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Imagining a World In Which We Can Talk About the Wage Gap Without Including Amy Adams In the Headline

By Vivian Kane | Celebrity | November 28, 2016 |

By Vivian Kane | Celebrity | November 28, 2016 |

As we enter into awards season, we’re entering into another few months of Oscar contenders being asked the same questions over and over until words lose all meaning. In the latest Hollywood Reporter roundtable, the group of actresses (Amy Adams, Annette Bening, Naomie Harris, Natalie Portman, Taraji P. Henson, Emma Stone, and Isabelle Huppert) answered the usual questions: Is Hollywood still a hard industry for women? For Women over 30? Over 40? For African-American women? What kind of roles are you offered? How do you feel about getting paid a fraction of your male costars’ salary?

Let’s be clear: these weren’t questions being asked regularly, of major or even minor actresses a few years ago. So there’s no complaining that these issues are getting attention. But when issues that any specific group has been dealing with for literally ever finally get mainstream attention, it’s hard for the members of that community to have the patience required for everyone else to catch up.

So maybe the first step was women as successful as these being finally, publicly asked these questions. The next step, though, might be for these women to let us know that they’re not the only ones whose insight we need. Yes, we need black actresses to be able to talk about their experiences. But, when asked the very important and totally simplistic question “Do you feel the industry is doing enough for black actors?” Taraji P. Henson nails why she can’t be the only voice in this conversation.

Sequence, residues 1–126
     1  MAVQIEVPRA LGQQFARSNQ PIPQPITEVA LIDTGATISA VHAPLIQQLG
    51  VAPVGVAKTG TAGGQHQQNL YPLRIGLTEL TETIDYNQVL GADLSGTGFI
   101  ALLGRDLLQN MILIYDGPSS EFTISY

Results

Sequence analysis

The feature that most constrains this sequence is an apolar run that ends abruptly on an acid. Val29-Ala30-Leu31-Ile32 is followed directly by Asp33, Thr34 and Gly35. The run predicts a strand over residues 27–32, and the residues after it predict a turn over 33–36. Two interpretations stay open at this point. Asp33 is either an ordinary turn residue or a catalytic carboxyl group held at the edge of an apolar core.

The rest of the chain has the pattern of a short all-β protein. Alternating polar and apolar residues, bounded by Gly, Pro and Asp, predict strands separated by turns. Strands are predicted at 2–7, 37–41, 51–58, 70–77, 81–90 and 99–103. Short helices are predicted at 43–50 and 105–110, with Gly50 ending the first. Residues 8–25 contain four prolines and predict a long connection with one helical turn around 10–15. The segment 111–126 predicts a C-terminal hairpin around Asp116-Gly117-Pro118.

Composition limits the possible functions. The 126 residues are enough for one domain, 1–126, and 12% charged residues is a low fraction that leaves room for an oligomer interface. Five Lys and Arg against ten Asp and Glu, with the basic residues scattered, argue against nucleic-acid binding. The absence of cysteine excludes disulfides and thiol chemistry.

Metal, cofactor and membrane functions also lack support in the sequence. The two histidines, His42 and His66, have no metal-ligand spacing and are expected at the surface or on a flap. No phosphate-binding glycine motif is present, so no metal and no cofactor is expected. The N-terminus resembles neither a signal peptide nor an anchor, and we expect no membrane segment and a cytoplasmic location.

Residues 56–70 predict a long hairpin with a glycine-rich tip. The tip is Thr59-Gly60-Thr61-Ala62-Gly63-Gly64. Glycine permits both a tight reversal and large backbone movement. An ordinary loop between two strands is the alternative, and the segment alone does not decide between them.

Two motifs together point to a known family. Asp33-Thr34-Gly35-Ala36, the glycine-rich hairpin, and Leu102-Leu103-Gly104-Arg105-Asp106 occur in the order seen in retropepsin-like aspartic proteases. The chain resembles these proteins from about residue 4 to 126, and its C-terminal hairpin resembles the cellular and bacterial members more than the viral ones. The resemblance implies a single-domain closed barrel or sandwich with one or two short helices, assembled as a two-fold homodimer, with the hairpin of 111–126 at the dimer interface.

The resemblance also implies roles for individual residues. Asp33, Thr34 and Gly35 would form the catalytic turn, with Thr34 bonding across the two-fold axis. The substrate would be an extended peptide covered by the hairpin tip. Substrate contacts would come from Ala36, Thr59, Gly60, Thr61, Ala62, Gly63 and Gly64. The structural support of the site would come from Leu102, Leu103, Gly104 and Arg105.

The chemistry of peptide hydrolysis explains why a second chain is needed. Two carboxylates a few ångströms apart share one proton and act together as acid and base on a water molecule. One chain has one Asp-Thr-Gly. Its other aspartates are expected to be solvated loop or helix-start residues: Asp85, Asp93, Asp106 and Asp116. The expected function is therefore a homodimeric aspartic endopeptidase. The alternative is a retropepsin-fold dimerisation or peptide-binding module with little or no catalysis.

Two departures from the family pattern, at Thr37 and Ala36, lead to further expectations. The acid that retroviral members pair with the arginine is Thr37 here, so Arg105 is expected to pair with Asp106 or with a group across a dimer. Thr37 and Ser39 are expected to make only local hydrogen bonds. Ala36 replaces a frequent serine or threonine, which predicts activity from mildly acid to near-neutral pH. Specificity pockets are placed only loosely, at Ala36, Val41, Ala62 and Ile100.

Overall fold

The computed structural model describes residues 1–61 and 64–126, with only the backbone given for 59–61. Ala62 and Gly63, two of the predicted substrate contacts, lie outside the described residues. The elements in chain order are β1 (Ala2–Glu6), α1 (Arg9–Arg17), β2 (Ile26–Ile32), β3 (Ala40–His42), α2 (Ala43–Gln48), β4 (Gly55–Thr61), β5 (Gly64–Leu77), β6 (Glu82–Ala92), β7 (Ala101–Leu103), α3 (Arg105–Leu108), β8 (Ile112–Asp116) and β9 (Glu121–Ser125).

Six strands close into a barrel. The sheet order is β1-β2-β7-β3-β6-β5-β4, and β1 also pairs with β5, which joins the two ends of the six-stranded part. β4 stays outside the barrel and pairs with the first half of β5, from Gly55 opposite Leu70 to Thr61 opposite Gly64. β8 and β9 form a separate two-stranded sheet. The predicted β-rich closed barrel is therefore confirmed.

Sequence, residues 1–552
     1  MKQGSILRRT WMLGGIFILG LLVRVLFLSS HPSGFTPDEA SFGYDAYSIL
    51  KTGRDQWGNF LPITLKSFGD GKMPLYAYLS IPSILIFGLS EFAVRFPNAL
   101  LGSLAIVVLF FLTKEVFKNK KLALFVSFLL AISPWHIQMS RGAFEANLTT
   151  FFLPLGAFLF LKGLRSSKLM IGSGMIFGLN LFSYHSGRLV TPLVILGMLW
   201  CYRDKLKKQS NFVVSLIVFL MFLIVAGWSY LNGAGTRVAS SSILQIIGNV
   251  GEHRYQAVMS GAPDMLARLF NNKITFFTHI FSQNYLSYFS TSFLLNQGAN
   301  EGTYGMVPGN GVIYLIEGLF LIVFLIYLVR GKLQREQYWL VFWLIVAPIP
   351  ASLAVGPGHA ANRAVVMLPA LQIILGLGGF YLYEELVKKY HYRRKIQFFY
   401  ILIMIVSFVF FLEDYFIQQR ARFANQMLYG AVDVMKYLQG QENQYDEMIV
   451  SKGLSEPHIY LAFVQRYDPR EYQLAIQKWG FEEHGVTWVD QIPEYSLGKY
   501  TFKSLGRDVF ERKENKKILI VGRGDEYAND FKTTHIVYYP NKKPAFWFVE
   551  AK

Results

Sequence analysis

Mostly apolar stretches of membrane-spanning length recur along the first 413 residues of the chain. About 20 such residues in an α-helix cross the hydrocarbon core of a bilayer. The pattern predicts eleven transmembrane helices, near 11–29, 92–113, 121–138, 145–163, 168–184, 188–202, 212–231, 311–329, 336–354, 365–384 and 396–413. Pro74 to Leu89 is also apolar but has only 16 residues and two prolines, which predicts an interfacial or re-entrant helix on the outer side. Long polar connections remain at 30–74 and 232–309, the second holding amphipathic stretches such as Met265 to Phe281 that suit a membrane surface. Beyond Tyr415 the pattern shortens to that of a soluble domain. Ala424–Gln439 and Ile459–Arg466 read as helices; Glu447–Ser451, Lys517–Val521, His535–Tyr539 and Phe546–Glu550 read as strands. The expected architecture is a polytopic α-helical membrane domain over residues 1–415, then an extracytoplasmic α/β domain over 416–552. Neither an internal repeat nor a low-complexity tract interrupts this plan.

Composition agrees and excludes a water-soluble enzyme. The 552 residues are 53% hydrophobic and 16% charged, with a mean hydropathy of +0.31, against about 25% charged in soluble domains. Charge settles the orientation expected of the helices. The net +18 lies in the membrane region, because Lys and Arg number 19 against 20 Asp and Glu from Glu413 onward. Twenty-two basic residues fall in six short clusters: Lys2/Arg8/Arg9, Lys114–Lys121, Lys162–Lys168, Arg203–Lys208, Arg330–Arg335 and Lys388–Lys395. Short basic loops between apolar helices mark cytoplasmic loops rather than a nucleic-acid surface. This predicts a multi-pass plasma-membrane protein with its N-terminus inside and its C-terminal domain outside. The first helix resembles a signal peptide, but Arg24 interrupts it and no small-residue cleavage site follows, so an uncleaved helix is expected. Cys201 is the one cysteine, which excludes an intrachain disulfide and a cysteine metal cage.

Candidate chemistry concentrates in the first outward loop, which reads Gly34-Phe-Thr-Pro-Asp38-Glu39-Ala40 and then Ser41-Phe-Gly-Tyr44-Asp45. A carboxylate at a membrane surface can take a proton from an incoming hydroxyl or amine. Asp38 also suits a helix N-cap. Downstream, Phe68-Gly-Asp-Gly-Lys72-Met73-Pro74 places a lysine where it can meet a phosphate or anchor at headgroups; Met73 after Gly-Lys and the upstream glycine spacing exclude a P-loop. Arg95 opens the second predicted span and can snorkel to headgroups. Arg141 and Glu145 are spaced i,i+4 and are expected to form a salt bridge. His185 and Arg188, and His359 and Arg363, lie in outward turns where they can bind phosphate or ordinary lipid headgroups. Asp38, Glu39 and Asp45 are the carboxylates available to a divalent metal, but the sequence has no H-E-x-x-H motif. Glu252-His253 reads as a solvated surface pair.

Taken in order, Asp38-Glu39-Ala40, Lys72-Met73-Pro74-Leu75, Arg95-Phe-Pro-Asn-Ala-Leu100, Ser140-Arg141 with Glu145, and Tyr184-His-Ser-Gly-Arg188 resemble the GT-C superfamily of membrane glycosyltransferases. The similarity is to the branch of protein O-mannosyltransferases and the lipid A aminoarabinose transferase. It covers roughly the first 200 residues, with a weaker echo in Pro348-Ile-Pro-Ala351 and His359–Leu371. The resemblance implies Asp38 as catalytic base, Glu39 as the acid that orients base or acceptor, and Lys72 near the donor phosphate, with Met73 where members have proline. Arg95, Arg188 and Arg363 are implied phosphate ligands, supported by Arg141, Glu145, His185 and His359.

It’s always hard. I have white friends, blond hair, blue eyes, who ain’t worked in five years. Have we seen enough representation of African-American stories? No. But has Hollywood been horrible to me? No. I’ve worked. Did I get paid what I deserve? That is the question we should be talking about. But I can’t take that on because I have worked and I’ve seen my career do this. So I never wallow in the muck and say, “Oh, it’s hard.” That’s a given. I can’t take this skin off. We know what the deal is. You understand? So I’m not going to make it an issue. I’m going to work my ass off and hopefully the work that I’m doing will change things, will make it better for the next one coming behind me. You let me in, give me an inch, I’ll take a mile. I’ve come a long way. I mean, look at me now. I’m on a hit show, I just produced my own variety show for Christmas, and I watch TV and I go, “Wow, they’re saying, ‘Taraji.’ ” Not “Taraji P. Henson,” but “Taraji’s White Hot Holiday.” (Laughs.) See, I’m white, really. I’m not black!

Knowing that Women’s Stuff now makes great headlines but not understanding nuance, THR moved the focus to trying to get French actress Isabelle Huppert to explain why she lost work by aging, but she was set on not letting it be that cut and dry. Asking why things are so much better for women over 40 in France, Huppert literally responded “Hmm …”